Motivation is a theoretical construct used to explain behavior. It represents the reasons for people’s actions, desires, and needs. Motivation can also be defined as one’s direction to behavior or what causes a person to want to repeat a behavior and vice versa.
A motive is what prompts the person to act in a certain way or at least develop an inclination for specific behavior. For example, when someone eats food to satisfy the need of hunger, or when a student does his/her work in school because he/she wants a good grade. Both show a similar connection between what we do and why we do it. Motivation is a word that is part of the popular culture as few other psychological concepts are. Hunger is frequently the motive for seeking out and consuming food.
The control of motivation is only understood to a limited extent. There are many different approaches of motivation training, but many of these are considered pseudo-scientific by critics. To understand how to control motivation it is first necessary to understand why many people lack motivation.
Teams and team members in any organization need something to keep them working. Often, the salary of the employee is enough to keep him or her working for an organization. An employee must be motivated to work for a company or organization. If no motivation is present in an employee, then that employee’s quality of work or all work in general will deteriorate. Personalities differ with regard to beliefs about the factors that control their behavior.
Some believe that opportunity to control their own behavior rests within themselves while others believe that external forces determine their behavior. General motivational strategies include the soft sell and the hard sell. Both strategies can be valid based on the intended audience. Specific motivational appeals must focus on provable facts, feelings, rewards or punishment.
There are some qualities of a job or team membership that motivate associates. A review of decades of research has shown that every job offers some of the listed motivation factors. Associates are motivated to the extent that their job contains the factors that they seek to keep them operating at the optimal performance level.
Listed below are many common motivational factors. These should be helpful in helping you to discover what motivates your team or its members:
• Achievement – Meeting increasing work challenges
• Center of attention – Working on high-profile assignments
• Challenging work – Working on difficult or demanding tasks requiring substantial effort and commitment
• Coaching others – Fostering other people’s job-related development
• Commission – Working under a pay structure in which part of one’s income depends on measurable performance or commission sales
• Compensation – Receiving a high salary or generous monetary compensation or stock options for work
• Complexity – Performing complex tasks or working on complex projects
• Continuous learning – Increasing knowledge and skill when circumstances call for additional learning
• Details – Working on tasks requiring great attention to details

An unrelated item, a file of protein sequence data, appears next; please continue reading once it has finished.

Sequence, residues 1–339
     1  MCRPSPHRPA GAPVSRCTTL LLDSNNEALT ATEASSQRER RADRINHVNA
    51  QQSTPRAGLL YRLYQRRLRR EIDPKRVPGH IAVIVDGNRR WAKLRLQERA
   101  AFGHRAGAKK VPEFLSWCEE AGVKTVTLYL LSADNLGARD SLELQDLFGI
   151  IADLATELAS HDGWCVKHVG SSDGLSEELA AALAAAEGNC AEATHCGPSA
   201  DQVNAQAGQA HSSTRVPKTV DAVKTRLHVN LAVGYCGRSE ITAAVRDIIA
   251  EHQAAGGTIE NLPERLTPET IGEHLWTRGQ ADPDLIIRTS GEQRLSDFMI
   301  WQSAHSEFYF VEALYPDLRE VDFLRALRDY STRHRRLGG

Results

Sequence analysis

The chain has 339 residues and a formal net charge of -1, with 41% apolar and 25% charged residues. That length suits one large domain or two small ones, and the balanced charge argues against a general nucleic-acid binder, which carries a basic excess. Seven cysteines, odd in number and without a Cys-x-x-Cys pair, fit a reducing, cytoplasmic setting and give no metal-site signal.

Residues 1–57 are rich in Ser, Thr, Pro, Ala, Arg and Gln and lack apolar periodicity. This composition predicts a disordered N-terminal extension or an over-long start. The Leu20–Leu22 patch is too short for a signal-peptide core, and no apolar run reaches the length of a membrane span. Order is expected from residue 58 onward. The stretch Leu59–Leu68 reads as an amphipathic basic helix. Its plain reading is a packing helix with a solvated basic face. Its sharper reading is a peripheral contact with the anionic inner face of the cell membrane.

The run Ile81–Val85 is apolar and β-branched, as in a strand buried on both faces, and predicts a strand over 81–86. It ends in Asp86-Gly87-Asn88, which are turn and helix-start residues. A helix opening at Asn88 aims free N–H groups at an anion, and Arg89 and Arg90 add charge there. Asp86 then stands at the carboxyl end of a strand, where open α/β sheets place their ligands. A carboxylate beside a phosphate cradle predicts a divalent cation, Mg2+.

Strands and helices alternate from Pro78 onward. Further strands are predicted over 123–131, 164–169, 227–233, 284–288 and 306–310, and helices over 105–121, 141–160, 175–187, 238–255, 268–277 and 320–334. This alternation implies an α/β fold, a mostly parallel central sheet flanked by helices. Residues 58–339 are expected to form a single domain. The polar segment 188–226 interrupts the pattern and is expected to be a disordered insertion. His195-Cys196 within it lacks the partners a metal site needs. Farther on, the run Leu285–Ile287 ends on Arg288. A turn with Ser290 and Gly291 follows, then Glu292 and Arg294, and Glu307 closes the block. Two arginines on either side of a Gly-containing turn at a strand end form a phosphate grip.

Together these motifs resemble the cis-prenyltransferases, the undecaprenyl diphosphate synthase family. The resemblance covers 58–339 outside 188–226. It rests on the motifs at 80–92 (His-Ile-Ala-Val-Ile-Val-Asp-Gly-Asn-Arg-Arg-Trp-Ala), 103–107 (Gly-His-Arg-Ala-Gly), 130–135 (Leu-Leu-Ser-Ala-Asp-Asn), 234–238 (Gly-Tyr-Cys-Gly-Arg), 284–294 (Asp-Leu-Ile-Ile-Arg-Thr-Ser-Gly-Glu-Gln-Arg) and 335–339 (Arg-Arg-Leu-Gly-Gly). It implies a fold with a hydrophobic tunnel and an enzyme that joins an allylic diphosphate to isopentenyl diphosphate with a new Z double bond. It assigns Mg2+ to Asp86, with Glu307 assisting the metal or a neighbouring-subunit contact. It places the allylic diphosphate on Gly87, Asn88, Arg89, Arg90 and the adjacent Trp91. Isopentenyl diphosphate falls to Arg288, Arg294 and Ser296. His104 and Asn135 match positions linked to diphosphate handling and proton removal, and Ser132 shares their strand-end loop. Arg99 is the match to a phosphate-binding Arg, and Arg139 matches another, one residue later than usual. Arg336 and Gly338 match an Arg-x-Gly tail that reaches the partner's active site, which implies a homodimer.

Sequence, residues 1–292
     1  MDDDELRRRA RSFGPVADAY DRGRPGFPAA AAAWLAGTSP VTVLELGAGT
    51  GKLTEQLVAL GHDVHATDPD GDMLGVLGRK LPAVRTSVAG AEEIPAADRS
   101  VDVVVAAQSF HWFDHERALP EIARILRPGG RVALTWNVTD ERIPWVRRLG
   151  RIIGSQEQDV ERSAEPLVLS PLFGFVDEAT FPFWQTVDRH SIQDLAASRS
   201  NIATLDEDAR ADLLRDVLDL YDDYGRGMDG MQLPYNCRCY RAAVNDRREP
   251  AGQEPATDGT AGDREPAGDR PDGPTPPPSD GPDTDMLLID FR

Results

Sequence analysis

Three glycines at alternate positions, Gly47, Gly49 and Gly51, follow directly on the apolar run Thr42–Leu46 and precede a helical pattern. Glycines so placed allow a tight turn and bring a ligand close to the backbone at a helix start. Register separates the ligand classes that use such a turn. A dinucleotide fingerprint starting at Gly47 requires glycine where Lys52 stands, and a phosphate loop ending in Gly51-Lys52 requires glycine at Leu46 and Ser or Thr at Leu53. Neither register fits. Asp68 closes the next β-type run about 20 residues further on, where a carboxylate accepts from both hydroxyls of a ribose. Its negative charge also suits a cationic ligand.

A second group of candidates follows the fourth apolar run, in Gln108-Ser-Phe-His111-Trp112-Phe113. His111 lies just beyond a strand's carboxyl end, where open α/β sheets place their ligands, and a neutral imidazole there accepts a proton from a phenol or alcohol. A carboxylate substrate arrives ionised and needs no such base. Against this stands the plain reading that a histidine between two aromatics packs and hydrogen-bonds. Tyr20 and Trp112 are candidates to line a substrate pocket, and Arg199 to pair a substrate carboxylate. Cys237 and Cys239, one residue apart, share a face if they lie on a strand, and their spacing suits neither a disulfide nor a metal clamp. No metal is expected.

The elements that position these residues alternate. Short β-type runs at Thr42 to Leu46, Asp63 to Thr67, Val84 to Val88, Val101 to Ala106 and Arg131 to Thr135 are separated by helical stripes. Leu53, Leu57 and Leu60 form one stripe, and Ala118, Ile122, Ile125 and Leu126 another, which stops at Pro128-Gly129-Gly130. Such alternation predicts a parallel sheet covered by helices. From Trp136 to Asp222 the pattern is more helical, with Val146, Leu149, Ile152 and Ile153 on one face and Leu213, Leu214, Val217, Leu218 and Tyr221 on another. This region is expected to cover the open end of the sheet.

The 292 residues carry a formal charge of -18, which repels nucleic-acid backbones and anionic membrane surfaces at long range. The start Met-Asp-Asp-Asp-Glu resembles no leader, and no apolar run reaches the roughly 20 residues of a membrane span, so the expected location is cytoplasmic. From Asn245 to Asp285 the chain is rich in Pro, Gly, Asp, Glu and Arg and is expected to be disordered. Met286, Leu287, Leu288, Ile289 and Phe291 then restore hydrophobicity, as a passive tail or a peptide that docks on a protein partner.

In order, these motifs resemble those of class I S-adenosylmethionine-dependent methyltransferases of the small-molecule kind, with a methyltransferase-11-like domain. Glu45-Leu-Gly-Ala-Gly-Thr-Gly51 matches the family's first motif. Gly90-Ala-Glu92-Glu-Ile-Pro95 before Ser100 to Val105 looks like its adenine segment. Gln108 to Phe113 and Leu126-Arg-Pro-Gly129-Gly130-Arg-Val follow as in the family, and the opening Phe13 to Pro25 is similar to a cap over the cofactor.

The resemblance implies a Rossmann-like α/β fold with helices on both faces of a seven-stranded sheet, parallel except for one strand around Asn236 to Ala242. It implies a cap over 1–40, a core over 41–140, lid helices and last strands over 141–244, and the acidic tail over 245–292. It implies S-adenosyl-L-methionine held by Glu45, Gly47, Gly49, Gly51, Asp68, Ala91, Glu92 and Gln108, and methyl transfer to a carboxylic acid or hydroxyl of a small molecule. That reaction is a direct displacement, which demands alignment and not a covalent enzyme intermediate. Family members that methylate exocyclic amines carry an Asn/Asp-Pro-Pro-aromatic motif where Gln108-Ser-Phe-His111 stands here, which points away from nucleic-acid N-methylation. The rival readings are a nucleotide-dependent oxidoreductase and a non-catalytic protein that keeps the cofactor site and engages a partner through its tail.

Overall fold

• Entrepreneurialism – Developing business by seeking new opportunities, taking risks, and initiating new ventures
• Formal recognition – Receiving formal recognition, inside and outside the organization, for accomplishments
• High-involvement leader – Influencing others by creating a participative, empowered environment
• High-involvement member – Working in a participative, empowered environment
• High responsibility / accountability – Receiving primary responsibility and accountability for completing tasks that might place heavy demands on one’s time and involvement
• Influencing others – Using appropriate interpersonal styles and methods to inspire and guide individuals; gaining acceptance of ideas or plans
• International exposure – Working with situations involving different cultures or languages, and responding to the ambiguity of unexpected or unfamiliar approaches
• Interpersonal support – Receiving regular and abundant emotional support, reassurances, and gestures of appreciation
• Physical environment – Working in a physically comfortable and attractive environment
• Position or status – Holding a position with a highly respected title or status relative to others in the organization
• Practical results – Performing work that results in concrete outputs or outcomes
• Promotion opportunities – Earning positions of greater responsibility and status
• Recognition for expertise – Receiving reward or recognition for expertise in a technical or other specialized skill area
• Relationship building – Developing and maintaining ongoing working relationships with others requiring interaction and mutual support
• Standardized work – Performing clearly defined, stable work assignments with pre-established goals and procedures
• Task variety – Working on several different tasks or projects
• Travel – Regularly traveling away from the office to conduct business
It would be helpful to try to determine three factors that motivate you and each of your team members. Then you should try to determine how these motivational factors are being met now and how they could be met in a more effective manner.
Please “Like” and share your comments. Additional training resources are located here.